Saturday, August 21, 2010

More NBA Advanced Statistics

Before we begin, I have to first introduce a NBA floor chart which I have been working on.

Everything that will be talked about when it comes to advanced statistics revolves around this floor chart. 

Here is the mid-court area of the chart. Notice how the chart flips and reverses itself once the half-court line is crossed.

This was going to be called a "shot chart," but it hit me that this chart can track much more than shooting.

I use it mostly for defense. It can show where a player gets most of his blocks, his rebounds and where he gives up the most points.

Although it is free for anyone to use, for convenience it will be called the "High Basketball IQ Floor Chart."

It is not perfect and not accurate to the exact dimensions of a NBA court; it was created to the best of my limited engineering abilities just to have a visual representation of what I am writing about.

Also, a player a step or two outside of the high post, for example, may be labeled as being in the high post; it won't be an accurate description of where the player is to the exact inch, but you'll get my point.

Another great use of the floor chart is to show players who do or don't get rebounds outside of their area. 

You can look at where the players are when the ball goes in the air, where they are when it hits the rim and where they are when the rebound is secured.

Who moved? And who didn't? And how far did they move? It's great for hustle stats.

Ideally, I would like to use this floor chart to track the movement of the ball and every player for every minute of every game.

But since I don't have anywhere near the resources or the manpower to pull that off, I'll do what I can from in front of my computer.

It should be noted that this article is about to get really nerdy right now, talking about the minute details of various NBA games, so consider yourself warned.

Deflections will be covered first.

A deflection is when a player tips the ball, usually sending it in a different direction.

There are all kinds of deflections, pass deflections, rebound deflections, dribble deflections, you name it.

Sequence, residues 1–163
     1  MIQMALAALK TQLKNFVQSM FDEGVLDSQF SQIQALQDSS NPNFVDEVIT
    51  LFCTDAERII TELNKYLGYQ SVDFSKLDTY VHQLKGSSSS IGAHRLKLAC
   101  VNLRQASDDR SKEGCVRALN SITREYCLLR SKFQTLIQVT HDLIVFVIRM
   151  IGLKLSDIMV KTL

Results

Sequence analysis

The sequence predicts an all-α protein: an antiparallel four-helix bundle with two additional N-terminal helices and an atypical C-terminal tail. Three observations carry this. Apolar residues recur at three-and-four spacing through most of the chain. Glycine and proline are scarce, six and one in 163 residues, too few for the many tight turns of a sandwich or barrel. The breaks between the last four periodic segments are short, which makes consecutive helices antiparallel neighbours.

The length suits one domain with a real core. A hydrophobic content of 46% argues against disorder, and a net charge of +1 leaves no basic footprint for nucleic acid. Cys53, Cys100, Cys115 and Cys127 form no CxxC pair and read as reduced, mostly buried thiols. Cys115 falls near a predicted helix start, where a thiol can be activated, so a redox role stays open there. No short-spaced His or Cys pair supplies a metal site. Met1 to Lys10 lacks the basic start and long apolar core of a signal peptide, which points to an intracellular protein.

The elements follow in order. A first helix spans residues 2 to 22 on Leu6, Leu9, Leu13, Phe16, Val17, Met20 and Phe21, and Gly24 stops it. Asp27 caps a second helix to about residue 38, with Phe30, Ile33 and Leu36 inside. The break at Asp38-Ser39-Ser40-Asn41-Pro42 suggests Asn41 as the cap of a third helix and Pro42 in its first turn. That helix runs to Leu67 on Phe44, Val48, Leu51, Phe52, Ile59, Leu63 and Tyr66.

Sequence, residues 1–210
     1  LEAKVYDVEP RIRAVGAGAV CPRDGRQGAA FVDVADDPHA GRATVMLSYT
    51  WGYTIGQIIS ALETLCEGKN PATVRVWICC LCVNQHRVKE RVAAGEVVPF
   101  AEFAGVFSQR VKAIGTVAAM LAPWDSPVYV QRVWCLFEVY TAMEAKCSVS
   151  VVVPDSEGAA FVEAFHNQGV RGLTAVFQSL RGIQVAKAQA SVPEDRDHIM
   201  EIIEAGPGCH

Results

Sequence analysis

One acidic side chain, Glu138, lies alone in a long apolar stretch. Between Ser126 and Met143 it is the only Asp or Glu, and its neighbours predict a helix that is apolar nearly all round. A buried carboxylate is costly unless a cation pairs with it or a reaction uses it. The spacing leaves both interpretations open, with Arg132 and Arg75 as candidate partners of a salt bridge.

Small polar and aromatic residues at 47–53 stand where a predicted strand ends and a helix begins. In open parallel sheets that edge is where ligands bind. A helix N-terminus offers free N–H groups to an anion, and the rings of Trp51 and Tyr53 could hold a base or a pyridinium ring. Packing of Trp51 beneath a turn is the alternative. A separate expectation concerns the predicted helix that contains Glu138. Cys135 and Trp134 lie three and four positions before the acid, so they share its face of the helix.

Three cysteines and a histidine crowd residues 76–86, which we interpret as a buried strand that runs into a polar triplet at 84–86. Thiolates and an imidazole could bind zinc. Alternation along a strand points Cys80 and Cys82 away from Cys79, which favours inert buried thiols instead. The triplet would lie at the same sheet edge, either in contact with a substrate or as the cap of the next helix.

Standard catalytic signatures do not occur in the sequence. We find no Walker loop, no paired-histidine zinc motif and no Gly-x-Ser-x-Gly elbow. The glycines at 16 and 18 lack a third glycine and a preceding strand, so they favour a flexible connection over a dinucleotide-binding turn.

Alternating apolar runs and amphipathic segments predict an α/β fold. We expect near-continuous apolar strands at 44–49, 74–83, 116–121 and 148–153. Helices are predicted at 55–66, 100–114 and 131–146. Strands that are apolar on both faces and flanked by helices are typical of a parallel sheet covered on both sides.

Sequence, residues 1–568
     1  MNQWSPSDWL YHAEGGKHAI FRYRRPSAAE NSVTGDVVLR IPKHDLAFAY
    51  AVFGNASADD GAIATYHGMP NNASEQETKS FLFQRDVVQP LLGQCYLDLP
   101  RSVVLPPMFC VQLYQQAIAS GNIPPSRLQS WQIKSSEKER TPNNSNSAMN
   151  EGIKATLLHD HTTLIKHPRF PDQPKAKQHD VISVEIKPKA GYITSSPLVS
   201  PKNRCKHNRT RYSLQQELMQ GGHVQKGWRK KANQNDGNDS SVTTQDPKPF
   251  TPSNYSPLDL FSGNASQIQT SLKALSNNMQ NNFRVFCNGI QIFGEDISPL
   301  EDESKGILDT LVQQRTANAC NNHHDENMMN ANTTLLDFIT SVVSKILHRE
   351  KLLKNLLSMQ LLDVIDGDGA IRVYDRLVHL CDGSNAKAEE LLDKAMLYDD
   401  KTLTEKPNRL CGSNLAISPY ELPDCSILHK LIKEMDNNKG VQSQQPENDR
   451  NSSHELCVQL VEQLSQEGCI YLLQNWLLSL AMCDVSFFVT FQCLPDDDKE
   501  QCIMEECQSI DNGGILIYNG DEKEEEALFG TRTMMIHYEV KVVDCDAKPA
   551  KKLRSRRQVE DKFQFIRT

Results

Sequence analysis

This is a hustle stat which needs to be accurately tracked because it is a play which a player makes to help his team.

In short, that is what we are shooting for here, the tracking of anything (anything!) which a player does on a basketball court to help his team win.

Sister to the deflection is the recovery.

Either the player who deflected the ball or another player recovers it.

When one player deflects the ball and another player recovers it, each must be given credit for the part they contributed to the play in order to accurately determine the value of each player and the overall ability of the team.

Like deflections, there are many types of recoveries.

There are blocked shot recoveries, saved ball recoveries, rebound deflection recoveries, pass deflection recoveries and many more.

And all should be tracked and recorded so that each player's value to the team can be accurately measured and because every possession counts.

Let's look at a play from the Los Angeles Lakers and Miami Heat game from last season (3:50).

There are 21.9 seconds left in the game. Kobe Bryant drives and misses a layup.

Although what follows looks like nothing more than a wild scrum with no identifiable parts, that is the furthest thing from the truth.

The play's individual parts are actually highly identifiable.

Here is how I would score the play; the best angle is at 4:14:

Missed Layup: Kobe Bryant
Rebound Deflection: Kobe Bryant (O) & Pau Gasol (O) & Udonis Haslem (D)
Missed Rebound: Kobe Bryant